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State v. Harrington
Vermont Supreme Court
128 Vt. 242, 260 A.2d 692 (1969)
John Harrington (defendant) was an attorney retained by Norma Morin to obtain a divorce from her husband, Armand Morin. Because Norma was unable to pay, Harrington agreed to work on a contingent fee basis. The Morins had assets worth about $50,000, including a motel in New Hampshire. Harrington and Norma hired a woman armed with a tape recorder, to entice Armand into having sex in one of his motel rooms. The woman succeeded and at the opportune moment, Harrington and his associates entered the hotel room and took pictures of the naked pair in bed. Thereafter, Harrington dictated a letter to Armand proposing a divorce settlement where Norma would give up her interest in the marital assets and would waive alimony in exchange for a lump sum of $175,000. The letter also stated that if he agreed to the proposal, Armand would receive the tape recording and the pictures taken of his infidelity. Harrington noted that if Armand did not timely respond to his letter, the offer would be withdrawn and not only would they produce the tape recordings and photos during divorce proceedings on the ground of adultery, Harrington said he might advise Norma to file for “informer fees” with the Internal Revenue Service and U.S. Customs Service regarding illegal conduct in which Armand was engaged. Harrington included one of the photos taken of Armand and the woman from the hotel room. Harrington was convicted under a Vermont law which stated, “a person who maliciously threatens to accuse another of a crime or offense, or with an injury to his person or property, with intent to extort money or other pecuniary advantage, or with intent to compel the person so threatened to do an act against his will, shall be imprisoned in the state prison not more than two years or fined not more than $500.00.” Harrington appealed, filing a motion for acquittal.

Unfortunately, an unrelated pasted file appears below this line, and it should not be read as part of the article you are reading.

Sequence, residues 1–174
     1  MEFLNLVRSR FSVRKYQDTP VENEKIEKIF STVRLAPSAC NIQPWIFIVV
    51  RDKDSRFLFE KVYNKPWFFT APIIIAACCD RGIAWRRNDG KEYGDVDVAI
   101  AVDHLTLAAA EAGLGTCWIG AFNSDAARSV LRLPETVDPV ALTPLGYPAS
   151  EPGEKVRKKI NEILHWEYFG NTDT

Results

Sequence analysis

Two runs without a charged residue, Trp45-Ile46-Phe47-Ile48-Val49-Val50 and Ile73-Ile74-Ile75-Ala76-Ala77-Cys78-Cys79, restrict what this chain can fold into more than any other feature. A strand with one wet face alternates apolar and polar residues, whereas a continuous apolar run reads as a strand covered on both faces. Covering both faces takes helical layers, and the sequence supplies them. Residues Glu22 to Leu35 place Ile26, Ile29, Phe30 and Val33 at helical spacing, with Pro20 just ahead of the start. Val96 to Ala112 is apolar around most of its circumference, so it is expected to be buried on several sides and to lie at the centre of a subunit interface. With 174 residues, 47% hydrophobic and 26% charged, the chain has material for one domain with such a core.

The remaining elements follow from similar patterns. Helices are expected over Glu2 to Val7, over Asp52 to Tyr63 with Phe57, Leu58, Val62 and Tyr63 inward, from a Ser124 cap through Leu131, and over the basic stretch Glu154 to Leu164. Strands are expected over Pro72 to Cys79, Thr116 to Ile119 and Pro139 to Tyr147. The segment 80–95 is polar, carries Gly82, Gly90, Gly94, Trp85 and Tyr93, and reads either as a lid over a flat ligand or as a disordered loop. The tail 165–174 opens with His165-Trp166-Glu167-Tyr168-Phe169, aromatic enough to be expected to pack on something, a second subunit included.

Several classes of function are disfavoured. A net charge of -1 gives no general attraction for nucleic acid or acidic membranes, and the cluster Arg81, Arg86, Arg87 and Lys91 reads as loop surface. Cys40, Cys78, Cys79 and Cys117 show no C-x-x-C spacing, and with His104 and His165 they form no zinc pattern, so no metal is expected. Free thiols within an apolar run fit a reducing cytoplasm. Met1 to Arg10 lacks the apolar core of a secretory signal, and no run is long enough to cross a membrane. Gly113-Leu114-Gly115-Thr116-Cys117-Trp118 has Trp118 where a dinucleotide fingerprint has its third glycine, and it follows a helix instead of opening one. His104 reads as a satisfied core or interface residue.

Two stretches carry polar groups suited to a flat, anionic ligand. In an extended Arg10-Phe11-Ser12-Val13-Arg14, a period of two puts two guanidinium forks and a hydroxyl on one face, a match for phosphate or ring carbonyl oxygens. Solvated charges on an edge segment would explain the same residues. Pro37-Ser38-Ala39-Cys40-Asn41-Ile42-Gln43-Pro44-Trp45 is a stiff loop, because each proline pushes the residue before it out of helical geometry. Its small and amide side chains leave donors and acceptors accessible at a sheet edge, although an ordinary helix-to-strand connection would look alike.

Rule of Law
Holding and Reasoning (Holden, C.J.)
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